Small crowd at budget meeting says 'Tax us'
The overwhelming majority of about 50 people at Peachtree City’s town hall meeting on the budget indicated they don’t support cuts in city services, city staffing levels or employee benefits.
After Mayor Don Haddix asked for a show of hands on those matters, he asked for the same on how many people would support a property tax increase. About 30 people raised their hands, and among that number were a few city employees.
About six members of the audience indicated they favored a cut in services and also a cut in employee benefits, though only three were willing to support cutting employees’ pay.
Several residents argued that the city should cut services in some form in a bid to avoid a tax increase.
Mark Ballard, a recreation commission member, noted that the recreation department has taken its funding cuts and that parent associations in various sports have stepped up to fill the void with extra grass cutting and other maintenance improvements the city can’t handle due to budgetary constraints.
Ballard referenced the city’s slogan: “Plan to Stay,” in his remarks.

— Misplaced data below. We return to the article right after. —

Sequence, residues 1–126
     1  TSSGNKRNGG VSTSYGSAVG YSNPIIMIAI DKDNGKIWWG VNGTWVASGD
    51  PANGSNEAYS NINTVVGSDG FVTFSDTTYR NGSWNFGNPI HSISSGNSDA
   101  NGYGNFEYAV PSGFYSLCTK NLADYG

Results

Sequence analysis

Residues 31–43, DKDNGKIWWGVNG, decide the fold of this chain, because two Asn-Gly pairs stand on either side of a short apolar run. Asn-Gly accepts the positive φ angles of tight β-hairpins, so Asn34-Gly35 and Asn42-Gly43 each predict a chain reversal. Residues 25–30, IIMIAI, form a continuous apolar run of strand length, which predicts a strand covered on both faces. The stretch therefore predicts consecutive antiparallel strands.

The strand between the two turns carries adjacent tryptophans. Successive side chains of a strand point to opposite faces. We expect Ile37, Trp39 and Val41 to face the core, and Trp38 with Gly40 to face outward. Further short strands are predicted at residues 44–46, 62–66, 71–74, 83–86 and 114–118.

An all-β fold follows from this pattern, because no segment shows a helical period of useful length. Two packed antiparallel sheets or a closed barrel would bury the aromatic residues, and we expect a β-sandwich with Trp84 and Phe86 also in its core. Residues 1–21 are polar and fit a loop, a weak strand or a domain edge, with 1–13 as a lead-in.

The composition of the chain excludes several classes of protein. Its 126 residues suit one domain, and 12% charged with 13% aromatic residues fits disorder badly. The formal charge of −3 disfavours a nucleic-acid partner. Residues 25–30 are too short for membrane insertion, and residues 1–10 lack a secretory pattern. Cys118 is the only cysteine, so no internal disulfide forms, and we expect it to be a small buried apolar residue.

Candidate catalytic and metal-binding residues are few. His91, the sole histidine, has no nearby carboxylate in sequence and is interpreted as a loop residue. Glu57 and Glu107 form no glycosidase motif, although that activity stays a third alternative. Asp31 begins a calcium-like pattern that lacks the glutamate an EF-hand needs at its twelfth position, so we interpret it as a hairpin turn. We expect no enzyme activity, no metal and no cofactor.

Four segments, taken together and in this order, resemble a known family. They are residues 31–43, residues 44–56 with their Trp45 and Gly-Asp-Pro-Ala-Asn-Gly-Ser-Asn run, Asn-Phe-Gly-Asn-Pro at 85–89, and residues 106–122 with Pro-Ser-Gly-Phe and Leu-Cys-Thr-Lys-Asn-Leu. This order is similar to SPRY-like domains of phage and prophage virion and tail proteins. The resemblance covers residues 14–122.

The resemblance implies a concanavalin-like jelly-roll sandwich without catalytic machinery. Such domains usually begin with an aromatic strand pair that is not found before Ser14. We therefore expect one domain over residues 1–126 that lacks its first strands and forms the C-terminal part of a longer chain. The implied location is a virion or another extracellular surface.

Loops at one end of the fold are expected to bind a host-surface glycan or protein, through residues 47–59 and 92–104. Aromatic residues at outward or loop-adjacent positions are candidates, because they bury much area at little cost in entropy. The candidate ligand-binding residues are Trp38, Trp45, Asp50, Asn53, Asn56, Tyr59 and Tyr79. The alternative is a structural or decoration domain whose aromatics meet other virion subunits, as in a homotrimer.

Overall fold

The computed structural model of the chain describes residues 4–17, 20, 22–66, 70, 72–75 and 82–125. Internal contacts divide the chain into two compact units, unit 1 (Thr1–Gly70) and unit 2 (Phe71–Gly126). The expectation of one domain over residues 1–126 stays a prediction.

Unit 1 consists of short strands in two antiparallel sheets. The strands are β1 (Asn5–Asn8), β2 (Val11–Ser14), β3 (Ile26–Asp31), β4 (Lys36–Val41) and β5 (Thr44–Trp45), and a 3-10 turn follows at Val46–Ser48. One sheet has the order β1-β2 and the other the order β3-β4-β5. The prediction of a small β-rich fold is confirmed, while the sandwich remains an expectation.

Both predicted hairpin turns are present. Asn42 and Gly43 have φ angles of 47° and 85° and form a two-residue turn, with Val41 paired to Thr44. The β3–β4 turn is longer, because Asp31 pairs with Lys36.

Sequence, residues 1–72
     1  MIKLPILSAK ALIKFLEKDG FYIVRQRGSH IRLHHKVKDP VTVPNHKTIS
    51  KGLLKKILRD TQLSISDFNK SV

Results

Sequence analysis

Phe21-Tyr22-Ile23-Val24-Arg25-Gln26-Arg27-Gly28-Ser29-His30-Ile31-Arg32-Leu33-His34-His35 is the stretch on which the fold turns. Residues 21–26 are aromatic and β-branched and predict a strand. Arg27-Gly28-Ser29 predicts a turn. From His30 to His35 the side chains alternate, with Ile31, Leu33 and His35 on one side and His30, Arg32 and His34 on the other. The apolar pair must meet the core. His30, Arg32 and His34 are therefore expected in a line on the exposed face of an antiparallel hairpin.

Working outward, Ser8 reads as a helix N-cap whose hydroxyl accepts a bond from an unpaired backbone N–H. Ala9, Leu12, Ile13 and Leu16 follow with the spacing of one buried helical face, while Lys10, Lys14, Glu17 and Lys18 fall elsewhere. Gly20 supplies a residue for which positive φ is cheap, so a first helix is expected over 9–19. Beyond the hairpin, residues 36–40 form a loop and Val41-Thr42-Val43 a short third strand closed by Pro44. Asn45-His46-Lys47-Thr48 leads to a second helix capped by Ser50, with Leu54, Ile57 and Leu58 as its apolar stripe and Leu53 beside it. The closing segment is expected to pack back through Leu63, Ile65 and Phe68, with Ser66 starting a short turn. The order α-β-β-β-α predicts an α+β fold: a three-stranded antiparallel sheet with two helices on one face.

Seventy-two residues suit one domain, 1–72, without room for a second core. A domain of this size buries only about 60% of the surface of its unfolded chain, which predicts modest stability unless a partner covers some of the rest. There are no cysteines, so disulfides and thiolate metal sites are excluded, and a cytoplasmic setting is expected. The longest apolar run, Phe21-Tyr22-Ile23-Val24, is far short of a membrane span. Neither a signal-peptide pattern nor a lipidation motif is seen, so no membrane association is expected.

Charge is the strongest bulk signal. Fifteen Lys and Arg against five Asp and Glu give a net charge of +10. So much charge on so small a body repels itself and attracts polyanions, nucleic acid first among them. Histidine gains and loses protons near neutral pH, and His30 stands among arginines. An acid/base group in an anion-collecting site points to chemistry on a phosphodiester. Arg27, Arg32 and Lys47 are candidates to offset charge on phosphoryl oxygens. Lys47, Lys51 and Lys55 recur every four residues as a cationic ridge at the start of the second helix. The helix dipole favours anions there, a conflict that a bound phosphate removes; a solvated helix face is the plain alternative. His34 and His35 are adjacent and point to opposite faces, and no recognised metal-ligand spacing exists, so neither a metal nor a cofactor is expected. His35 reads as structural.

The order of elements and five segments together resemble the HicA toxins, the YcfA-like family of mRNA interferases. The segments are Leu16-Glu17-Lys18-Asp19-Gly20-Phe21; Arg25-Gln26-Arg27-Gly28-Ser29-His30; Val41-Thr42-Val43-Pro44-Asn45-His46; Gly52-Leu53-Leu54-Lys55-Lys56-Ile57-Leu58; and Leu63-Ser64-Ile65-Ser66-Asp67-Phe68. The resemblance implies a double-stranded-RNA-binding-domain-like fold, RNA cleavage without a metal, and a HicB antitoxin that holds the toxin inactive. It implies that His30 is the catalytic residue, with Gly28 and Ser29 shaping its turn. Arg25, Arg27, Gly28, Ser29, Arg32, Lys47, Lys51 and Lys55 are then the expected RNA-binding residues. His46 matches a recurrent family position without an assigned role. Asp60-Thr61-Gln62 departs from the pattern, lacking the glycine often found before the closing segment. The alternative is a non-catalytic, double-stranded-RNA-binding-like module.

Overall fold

“I don’t think many people would plan to stay if they don’t have some quality of life,” Ballard said.
Several other residents said they would like to see the city increase the frequency of lawn mowing off secondary streets from the current three times a year. One resident said it should be upped to six times a year.
Several speakers, including those who commented via the Internet, suggested that cuts could be made in public safety, specifically the police department.
The city has the second-lowest ratio of officers per thousand residents among cities its size, yet the crime rate of “more serious” classified crimes has increased 92 percent since 2004. In the same time frame, the number of traffic citations has decreased from about 9,500 to just over 6,200 because officers must spend more time investigating the more serious crimes, City Manager Bernie McMullen said in his opening remarks.
Beyond McMullen’s presentation, the remainder of the meeting was dedicated to citizen comments on the budget.
Resident Robert Brown suggested that the reason the city is in a fiscal quandary despite a significant increase in revenue each year due to increases in property values.
“Our level of service and level of expenditures have gotten out of whack with the city population,” Brown said, urging the city to cut costs further before adopting a property tax increase.
The city is facing an $18 million shortfall over the next five years, in part because it will have to begin funding an estimated $1.5 million in 2013 when SPLOST funds are exhausted for street and cart path maintenance.
Also, the city is anticipating an annual $1 million hit in 2013 when the local option sales tax distribution formula is renegotiated. That decrease would be tied to the city’s more stable population compared to other areas in Fayette County that are continuing to grow, McMullen noted.